G&B Finch has opted for new Stralis X-Way mixers

Finch Stralis X-Ways

Chelmsford-based G&B Finch has put two 8-wheel IVECO Stralis X-Way mixers into service; one 400hp unit with CIFA bodywork, and one 360hp example with bodywork from Schwing Stetter. 
The trucks, which will deliver concrete within a 20-mile radius of G&B Finch’s main site in Chelmsford, are much lighter than the older Trakkers they replace.
Steve Finch, owner of G&B Finch, said: “The Stralis X-WAYs add a new dimension to the fleet – and as they are lighter, we’re able to carry an additional 500 litres of concrete on every journey.” 
The company specified the OFF version for the 360hp X-Way, which has superior off-road potential. The approach angle is 25 degrees greater than the on-road version, and it has a tougher bumper too. 
“We find nothing comes close to IVECO. Their vehicles are built tough and tackle everything we throw at them. We’ve not looked at another manufacturer for 30 years,” commented Finch.

Company fined £9,400 after employee falls from lorry bed

HMRC

A company has been fined £9,400 after its employee fell from a lorry bed while unloading it in South East Wales.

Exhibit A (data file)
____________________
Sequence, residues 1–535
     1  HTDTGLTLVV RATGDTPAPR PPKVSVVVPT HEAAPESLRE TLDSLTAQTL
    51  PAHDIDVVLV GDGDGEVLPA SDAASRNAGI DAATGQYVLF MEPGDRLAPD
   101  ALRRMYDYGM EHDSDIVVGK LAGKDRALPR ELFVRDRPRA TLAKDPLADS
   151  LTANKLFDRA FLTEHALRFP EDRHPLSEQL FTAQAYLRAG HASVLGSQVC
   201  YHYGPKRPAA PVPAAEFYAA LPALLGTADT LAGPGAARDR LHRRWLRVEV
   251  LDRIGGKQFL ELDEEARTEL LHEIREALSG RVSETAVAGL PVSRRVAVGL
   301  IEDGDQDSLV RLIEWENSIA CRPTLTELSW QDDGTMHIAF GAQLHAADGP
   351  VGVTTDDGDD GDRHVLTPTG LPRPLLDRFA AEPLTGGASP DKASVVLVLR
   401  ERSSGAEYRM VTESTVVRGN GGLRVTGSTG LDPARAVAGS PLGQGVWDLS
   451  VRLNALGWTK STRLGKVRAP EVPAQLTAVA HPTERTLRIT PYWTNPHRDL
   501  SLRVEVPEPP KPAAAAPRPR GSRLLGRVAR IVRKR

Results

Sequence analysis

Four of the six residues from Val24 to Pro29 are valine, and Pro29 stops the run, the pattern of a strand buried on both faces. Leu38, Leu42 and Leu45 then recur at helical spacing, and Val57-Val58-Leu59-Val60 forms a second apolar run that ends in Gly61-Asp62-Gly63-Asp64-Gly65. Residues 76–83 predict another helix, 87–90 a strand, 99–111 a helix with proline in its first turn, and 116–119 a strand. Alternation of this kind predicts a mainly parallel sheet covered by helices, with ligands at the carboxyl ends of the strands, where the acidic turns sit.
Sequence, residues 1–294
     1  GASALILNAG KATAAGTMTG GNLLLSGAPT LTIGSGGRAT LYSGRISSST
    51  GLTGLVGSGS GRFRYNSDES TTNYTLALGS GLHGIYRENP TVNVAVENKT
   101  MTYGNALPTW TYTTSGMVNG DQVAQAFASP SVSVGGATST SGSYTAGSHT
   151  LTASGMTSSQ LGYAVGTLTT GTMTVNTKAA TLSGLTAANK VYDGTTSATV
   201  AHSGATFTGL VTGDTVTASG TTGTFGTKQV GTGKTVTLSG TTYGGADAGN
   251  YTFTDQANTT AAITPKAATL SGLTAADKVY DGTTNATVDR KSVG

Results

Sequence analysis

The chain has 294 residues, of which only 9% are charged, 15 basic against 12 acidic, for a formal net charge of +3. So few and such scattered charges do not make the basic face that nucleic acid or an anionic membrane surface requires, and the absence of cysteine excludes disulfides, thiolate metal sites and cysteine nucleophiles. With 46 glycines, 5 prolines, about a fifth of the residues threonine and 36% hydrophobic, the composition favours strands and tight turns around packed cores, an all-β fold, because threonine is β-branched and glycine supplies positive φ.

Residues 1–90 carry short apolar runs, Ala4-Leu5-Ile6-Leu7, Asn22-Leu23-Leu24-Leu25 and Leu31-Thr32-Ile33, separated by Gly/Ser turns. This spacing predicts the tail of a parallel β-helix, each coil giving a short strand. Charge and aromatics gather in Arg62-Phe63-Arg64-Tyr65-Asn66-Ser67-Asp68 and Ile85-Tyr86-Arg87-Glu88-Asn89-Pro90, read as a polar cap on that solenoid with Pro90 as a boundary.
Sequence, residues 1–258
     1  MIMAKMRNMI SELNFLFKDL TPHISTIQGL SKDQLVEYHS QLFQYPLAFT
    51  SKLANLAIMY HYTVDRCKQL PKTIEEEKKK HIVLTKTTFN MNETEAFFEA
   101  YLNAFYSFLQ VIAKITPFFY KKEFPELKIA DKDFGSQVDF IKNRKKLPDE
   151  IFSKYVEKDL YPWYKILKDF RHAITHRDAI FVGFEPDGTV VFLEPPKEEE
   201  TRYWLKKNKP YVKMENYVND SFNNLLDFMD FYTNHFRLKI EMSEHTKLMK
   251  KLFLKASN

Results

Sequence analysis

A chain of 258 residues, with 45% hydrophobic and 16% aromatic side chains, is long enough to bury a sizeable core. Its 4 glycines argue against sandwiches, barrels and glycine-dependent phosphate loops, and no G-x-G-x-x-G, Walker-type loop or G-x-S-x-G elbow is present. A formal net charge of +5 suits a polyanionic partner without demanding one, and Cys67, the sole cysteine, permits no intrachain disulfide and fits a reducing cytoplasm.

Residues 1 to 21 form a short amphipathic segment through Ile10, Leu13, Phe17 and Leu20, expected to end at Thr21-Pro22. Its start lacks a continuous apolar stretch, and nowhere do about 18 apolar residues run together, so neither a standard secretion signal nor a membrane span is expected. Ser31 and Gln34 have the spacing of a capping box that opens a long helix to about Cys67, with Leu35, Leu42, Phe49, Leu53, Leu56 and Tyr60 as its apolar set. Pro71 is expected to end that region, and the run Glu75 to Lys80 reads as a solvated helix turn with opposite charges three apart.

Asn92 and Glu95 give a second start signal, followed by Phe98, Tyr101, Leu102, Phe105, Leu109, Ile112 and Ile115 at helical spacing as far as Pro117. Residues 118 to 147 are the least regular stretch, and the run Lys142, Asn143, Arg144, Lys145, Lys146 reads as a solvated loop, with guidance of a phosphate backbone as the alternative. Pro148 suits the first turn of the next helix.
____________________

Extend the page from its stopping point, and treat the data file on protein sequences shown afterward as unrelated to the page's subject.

The worker suffered multiple fractures following the fall from height at the premises of Braithwaite Engineers in Risca, Monmouthshire in October 2017.

Cwmbran Magistrates Court heard how his injuries, which included fractures of the head, ribs, shoulder blade and fingers, led to the employee missing more than five months of work.

An investigation by the Health and Safety Executive (HSE) found that the company, which manufactures steel water storage tanks and supporting towers, had failed to provide employees with suitable and clear instructions and training so that staff did not access lorry beds in an unsafe manner.

Braithwaite Engineers pleaded guilty to breaching the Health and Safety at Work Act and was ordered to pay costs of £1,680.75.

Speaking after the case HSE inspector Will Powell said: “Falls from vehicles can be overlooked by employers when considering risks from work at height. Simple measures would have prevented this accident.”

Earlier this year, the all-party parliamentary group on working at height published a report making four recommendations to reduce the overall number of falls.

These included the introduction of an enhanced reporting system through RIDDOR, the appointment of an independent body allowing confidential reporting of all near misses and an equivalent system to Scotland’s fatal accident inquiry process extended to the rest of the UK.